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What You Need to Know About Elon Musk’s Tesla Truck

Elon Musk Unveils Self-Driving Semi Truck Prototype

The trucking industry has been discussing the possibility of driverless semi-truck capabilities for at least a decade. Never to be outdone, Elon Musk recently unveiled a Tesla truck prototype. Here’s what you need to know about the company’s latest innovation – and when you can expect it on our nation’s roadways.


Model 3 Parts, Serious Towing Power

The company’s newest electric vehicle shares a number of parts with Tesla’s mass market passenger vehicle, the Model 3. It has the same motor, and even the same door handles. The reveal, which came earlier than expected, is Musk’s latest step in being an innovator. The vehicle represents a risk for the company that lives to be on the cutting edge, but eccentric CEO Musk says that the truck is a natural stepping stone, makes economic sense, and is one step closer to fulfilling his vision of building a sustainable energy company.

Musk himself rode into the unveiling in the Tesla Semi at a brisk speed, a testament to his vision for the new product, which will go from zero to 60 in 20 seconds, even fully loaded. The finished model will have a 500-mile range on a single battery charge, assuming the vehicle travels 65 miles an hour. In an unexpected announcement, Musk said that the truck would be ready for production earlier than expected – the company is already taking reservations for its release in 2019.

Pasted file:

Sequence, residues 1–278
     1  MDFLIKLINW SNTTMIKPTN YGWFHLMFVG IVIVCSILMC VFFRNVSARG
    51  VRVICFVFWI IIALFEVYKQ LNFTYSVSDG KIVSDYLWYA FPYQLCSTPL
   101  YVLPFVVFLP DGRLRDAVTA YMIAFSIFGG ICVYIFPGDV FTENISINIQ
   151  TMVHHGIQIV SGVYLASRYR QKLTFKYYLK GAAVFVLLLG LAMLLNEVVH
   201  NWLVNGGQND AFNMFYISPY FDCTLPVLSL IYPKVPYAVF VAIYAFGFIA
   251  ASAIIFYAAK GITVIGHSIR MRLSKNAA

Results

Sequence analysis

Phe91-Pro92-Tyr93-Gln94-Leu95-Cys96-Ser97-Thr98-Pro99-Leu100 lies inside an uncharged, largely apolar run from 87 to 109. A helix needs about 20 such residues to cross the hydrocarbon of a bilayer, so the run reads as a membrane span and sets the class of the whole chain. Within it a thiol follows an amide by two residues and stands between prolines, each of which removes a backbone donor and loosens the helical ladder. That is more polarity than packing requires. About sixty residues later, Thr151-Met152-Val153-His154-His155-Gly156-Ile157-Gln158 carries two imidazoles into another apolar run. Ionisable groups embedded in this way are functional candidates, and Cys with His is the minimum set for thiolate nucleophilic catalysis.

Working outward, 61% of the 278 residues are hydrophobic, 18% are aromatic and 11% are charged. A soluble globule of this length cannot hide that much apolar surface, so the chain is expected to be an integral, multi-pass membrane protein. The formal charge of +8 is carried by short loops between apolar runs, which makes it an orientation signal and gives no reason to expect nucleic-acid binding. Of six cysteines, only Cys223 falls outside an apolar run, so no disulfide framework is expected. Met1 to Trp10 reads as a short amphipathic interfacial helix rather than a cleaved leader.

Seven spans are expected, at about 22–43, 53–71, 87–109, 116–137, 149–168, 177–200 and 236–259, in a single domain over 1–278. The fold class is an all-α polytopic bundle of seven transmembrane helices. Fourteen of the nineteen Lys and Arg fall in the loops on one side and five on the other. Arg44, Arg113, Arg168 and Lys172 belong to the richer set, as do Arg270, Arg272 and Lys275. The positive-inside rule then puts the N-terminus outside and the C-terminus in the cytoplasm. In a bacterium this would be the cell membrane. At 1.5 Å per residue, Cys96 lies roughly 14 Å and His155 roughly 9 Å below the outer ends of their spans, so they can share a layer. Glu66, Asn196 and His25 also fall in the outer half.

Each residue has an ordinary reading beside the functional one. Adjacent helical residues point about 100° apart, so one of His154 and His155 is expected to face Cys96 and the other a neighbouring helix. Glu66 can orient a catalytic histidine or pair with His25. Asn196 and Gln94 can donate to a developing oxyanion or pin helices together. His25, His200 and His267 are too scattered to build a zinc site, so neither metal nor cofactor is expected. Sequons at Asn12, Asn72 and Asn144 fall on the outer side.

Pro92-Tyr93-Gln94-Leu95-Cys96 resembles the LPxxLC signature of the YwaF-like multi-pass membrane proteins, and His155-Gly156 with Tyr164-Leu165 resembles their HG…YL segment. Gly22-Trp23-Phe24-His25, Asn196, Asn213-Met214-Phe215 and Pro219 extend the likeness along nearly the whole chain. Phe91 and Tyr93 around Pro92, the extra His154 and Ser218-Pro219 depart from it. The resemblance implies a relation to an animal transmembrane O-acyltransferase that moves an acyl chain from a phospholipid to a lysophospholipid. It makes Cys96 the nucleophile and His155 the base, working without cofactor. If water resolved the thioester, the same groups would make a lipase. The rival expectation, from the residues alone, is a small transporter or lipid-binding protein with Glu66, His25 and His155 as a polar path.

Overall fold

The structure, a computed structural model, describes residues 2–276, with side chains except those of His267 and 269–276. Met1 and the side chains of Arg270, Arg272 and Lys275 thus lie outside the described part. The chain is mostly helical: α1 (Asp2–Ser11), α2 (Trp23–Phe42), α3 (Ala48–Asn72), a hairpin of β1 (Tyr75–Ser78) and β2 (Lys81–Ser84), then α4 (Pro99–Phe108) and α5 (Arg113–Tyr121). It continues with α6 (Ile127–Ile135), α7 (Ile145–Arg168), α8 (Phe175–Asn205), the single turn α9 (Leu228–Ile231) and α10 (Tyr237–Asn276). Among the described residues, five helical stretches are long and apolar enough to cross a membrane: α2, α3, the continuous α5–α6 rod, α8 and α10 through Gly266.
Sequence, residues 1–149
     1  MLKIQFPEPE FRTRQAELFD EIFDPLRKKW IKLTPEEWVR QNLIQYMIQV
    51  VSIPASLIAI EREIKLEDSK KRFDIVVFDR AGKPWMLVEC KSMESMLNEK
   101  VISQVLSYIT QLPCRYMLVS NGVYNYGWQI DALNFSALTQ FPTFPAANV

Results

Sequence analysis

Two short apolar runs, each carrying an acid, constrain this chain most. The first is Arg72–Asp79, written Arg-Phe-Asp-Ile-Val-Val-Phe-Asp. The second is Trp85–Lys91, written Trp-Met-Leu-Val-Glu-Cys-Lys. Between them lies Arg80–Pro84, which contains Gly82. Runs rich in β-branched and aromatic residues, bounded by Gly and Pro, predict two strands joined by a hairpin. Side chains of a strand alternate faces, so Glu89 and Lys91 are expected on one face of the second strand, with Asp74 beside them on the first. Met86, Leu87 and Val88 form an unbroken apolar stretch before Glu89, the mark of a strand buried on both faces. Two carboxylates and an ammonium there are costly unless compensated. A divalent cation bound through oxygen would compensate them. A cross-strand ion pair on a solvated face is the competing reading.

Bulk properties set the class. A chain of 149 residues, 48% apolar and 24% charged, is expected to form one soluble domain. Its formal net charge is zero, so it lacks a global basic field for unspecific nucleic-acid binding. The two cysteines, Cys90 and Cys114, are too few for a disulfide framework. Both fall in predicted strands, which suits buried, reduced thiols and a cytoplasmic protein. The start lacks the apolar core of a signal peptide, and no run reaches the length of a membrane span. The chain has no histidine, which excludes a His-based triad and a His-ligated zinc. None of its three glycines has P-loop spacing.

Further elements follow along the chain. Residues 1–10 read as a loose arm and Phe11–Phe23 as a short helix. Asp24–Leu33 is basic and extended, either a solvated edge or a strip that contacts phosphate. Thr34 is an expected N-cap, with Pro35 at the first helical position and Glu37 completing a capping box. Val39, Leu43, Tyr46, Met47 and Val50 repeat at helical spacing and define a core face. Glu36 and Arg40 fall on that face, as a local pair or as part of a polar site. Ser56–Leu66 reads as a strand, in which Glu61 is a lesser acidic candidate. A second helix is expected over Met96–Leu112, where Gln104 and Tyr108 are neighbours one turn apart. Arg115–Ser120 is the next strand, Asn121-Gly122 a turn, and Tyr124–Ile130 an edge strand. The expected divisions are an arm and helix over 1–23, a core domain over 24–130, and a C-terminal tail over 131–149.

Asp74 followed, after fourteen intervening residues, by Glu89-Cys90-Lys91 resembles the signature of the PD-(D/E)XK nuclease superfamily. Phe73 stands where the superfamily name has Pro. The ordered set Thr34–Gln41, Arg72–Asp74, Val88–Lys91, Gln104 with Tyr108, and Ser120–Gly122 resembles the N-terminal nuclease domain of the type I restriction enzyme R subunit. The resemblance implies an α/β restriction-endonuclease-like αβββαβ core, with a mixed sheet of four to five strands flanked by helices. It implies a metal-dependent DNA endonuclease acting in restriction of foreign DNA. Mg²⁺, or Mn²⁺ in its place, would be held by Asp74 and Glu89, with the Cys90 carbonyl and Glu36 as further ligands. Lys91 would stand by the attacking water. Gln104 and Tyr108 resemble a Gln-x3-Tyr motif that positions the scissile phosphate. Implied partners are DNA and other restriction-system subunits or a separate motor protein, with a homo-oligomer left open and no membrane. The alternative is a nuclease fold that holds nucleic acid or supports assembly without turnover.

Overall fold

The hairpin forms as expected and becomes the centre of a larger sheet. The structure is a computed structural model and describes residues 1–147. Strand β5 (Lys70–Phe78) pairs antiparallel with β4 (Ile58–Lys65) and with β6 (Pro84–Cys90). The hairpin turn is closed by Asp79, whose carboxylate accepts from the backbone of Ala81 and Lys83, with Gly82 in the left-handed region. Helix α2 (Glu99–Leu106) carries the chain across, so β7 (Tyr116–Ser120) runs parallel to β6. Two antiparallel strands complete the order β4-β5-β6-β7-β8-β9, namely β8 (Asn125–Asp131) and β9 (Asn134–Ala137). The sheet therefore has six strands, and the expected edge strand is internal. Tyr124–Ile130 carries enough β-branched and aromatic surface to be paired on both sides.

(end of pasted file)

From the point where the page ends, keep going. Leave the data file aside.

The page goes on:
The CEO said that the Tesla Semi – it’s official name – will handle just like any of its other passenger vehicles. It, like its counterparts, will have the ability to use mega chargers, which generate the power for charging the battery through solar panels.



The Tesla Semi is the largest heavy-duty freight truck, a Class 8. It’s a fifth wheel vehicle and is capable of towing any size trailer, which gives companies with extra flexibility. In North America, the semi would be able to pull trailers as long as 53 feet. It also comes loaded with many impressive features and specifications that speak to its utility and efficiency:

  • The Tesla Semi has 3 drive axles, and each axle has a motor (the same motor in the Model 3).
  • The cab of the truck gives the drivers a better view and handling because it’s pushed forward. This is possible because there’s no need for traditional diesel truck parts, like a transmission or even an engine. The cab itself is spacious, with a captain’s chair and a second seat.
  • Two touchscreens available on each side of the driver offer built-in connectivity to a company’s fleet management software. This will help with remote monitoring and routing.
  • The Tesla Semi has “regenerative braking,” which recycles power back to the battery when drivers take their foot off the accelerator.

Tesla fully intends to have its semis on the road by 2019. And with a scant $5,000 reservation fee, companies are clamoring to get their hands on one. The unveiling of the Tesla Semi represents a new milestone in improving the sustainability of the trucking industry.



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